Pseudo-differentiation syndrome

Letters to Editor

Pseudo Differentiation Syndrome

Dina Khalaf 1 and Fathi Al-Jehani 2

1MBChB, MD, MSc, Hematology specialist. 2MBChB, DIM, MSc, MRCP (UK), FRCPath, Consultant Hematologist.

Correspondence to: Dina Khalaf. Hematology- Medical Oncology department, Saad Specialist hospital, Prince Faisal Bin Fahed Street, P.O.Box 30353, Al-Khobar, 31952, Saudi Arabia. Tel. +96638826666. Fax: +9668823334. E-mail address:

Published:, December 15, 2011
Received: June 5, 2011
Accepted: November 16, 2011
Medit J Hemat Infect Dis 2011, 3(1): e2011061, DOI 10.4084/MJHID.2011.061
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This is an Open Access article distributed under the terms of the Creative Commons Attribution License (, which permits unrestricted use, distribution, and reproduction in any medium, provided the original work is properly cited

Differentiation syndrome (DS) is a life-threatening complication that may occur during the treatment of acute promyelocytic leukemia (APL) by all trans-retinoic acid (ATRA) therapy.[1] Signs usually occur after 2 to 21 days of treatment and are generally an increase in the white blood cell count (WBC), fever, weight gain, dyspnoea, pleural effusion, and pulmonary infiltrates on chest radiograph.  Some patients may develop renal failure, hypotension, and pericardial effusion.[2]
We are reporting what to our knowledge is the first case of DS in a relapsed refractory acute myeloid leukemia (AML) patient receiving decitabine.

Case Report
44-year-old male patient with a relapsed refractory AML t(8;21). He had initially received multiple courses of chemotherapy. After his second complete remission he underwent a donor-matched allogenic peripheral stem cell transplant. The patient presented to our facility 16 months later with his second relapse.  A bone marrow aspirate (BMA) and biopsy showed more than 50% myeloblasts Cytogenetics revealed Karyotype 46 XY, t(8;21)(q22;q22), t(4;20)(q22;q12), [19]/46,XY[1]. FLT-3 ITD was negative. Flowcytometry showed that blasts (CD45 dim) account for approximately 50% of the cells, CD13, CD33, CD34 and CD19 were positive. CD56 CD117 and HLADR were also positive. Treatment was initiated with decitabine (15 mg/m2 intravenous (IV) daily for 5 days repeated every 4 weeks) with palliative intent.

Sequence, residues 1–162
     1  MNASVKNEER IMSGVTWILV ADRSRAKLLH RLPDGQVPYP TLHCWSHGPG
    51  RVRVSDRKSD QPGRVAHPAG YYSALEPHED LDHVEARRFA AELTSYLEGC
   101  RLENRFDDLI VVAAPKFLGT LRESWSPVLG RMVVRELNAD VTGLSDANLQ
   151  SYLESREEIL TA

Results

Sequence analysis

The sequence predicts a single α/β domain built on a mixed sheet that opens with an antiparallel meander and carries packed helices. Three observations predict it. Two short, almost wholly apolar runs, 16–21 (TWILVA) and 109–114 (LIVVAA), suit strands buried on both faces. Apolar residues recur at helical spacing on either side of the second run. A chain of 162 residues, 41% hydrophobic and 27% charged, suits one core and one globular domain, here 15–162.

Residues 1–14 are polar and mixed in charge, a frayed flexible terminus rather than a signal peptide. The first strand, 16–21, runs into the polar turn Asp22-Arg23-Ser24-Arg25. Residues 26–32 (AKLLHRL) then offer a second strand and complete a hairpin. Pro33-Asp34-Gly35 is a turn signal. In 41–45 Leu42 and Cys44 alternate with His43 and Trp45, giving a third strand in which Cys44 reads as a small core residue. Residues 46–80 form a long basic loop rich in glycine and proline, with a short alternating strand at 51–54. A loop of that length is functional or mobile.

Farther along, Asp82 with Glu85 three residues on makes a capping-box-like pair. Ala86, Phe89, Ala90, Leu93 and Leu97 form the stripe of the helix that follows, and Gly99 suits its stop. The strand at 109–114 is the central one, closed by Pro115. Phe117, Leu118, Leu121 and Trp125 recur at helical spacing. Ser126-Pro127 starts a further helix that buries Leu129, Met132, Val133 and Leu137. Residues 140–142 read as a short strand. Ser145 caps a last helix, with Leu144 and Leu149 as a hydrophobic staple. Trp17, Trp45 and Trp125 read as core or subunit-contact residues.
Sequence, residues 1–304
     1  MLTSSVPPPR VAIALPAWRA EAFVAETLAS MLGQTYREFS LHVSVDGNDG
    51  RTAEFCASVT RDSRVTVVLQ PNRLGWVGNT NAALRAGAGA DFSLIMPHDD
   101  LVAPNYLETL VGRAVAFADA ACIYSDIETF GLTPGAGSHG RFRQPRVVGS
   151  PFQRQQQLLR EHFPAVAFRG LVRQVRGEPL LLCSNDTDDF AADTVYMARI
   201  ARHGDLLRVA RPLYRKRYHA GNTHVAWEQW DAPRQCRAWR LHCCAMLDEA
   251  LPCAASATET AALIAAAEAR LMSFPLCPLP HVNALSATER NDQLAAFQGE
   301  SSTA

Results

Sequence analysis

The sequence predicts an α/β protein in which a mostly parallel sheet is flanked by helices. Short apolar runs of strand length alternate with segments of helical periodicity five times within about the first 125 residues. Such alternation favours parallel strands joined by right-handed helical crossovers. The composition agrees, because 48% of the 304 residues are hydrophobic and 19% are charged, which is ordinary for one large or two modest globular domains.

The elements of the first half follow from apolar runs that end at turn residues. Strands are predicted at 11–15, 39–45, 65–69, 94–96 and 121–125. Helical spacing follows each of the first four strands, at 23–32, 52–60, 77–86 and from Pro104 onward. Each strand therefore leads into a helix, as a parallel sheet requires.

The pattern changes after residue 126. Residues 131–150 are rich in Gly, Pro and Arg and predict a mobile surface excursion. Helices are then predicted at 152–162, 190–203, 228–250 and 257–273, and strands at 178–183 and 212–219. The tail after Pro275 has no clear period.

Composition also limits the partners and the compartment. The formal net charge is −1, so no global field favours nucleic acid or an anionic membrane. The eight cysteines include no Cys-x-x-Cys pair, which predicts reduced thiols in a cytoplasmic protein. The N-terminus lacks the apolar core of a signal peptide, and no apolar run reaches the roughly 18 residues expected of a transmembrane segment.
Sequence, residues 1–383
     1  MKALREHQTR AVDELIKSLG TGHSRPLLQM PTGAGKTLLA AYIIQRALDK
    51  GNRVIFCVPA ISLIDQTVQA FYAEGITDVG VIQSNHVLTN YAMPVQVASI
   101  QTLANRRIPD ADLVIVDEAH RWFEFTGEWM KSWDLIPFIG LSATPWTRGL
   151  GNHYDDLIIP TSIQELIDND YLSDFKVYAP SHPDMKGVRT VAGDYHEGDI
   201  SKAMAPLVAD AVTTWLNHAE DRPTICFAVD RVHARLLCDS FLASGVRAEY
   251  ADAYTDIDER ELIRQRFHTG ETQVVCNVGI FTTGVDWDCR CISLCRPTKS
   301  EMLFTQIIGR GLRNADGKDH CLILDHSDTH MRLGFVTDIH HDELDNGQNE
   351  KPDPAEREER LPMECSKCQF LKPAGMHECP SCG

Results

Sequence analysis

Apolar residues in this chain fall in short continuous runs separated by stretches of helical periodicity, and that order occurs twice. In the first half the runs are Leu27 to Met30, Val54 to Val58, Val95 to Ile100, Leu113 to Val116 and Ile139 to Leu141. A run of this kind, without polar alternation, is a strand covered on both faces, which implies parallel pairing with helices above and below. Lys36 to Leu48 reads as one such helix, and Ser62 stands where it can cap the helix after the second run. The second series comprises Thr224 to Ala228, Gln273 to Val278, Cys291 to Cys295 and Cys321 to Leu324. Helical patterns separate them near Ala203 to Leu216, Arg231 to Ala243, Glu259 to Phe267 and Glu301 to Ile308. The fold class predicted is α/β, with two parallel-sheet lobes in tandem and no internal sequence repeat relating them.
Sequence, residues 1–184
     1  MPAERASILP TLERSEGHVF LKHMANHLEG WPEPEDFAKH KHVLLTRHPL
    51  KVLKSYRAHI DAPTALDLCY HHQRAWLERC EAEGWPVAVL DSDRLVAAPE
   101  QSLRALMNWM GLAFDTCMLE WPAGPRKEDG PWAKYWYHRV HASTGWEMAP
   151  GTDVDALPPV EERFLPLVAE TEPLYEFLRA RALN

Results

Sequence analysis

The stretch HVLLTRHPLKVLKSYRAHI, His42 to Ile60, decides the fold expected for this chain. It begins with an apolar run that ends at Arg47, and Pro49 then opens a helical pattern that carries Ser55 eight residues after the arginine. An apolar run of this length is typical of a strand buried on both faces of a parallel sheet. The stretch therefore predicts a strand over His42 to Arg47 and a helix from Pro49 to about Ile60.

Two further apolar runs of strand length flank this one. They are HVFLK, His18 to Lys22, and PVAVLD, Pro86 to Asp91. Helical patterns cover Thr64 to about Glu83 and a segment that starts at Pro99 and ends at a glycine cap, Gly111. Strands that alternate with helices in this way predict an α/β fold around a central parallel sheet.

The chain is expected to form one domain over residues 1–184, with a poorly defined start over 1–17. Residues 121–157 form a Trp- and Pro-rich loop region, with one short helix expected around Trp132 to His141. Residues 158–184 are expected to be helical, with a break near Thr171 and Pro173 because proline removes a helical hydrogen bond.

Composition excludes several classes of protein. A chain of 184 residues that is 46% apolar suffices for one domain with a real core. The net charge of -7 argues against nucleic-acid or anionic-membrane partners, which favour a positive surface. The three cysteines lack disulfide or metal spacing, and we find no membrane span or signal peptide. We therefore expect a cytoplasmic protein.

Decitabine (5-aza-2'-deoxycytidine) is a hypomethylating agent which has demonstrated activity in Myelodysplastic Syndrome (MDS) and in secondary leukemia.[3] The first two cycles were well tolerated. On the twelfth day of the third cycle, the patient presented with fever 39o C; chills; rigors; cough, dyspnea; and generalized edema. The patient looked ill, vital signs showed blood pressure 80/50, oxygen saturation 91% on room air. Lung auscultation revealed occasional fine basal crackles. There was bilateral lower limb pitting edema but no apparent septic foci. Complete blood counts (CBC) showed total white cell count (TLC) 5,400/uL; haemoglobin: 10/ dL, platelet count 5,000/ uL and neutrophils 3,200/ uL. Blood, urine and sputum cultures were all negative and a normal chest X-ray (CXR). An empirical broad-spectrum antimicrobial was started but no growth factors were prescribed. The patient was transferred to the intensive care unit due to marked deterioration in his condition. Chest auscultation revealed bilateral wide spread crackles. A repeat CXR showed bilateral areas of infiltrates with consolidation (Figure 1). CBC showed an increase in TLC 11,800/ uL; ANC 5,800/uL; Hemoglobin: 8.1 g/dL and Platelet count 20,000/ uL. Repeated pan cultures with each spike of fever results were negative. A high resolution CT scan of the lungs revealed bilateral patches of alveolar infiltrates and areas of consolidation mainly in the upper lobes, air broncho-gram was seen inside. No cavitations or ring shadows suggestive of fungal infections were observed.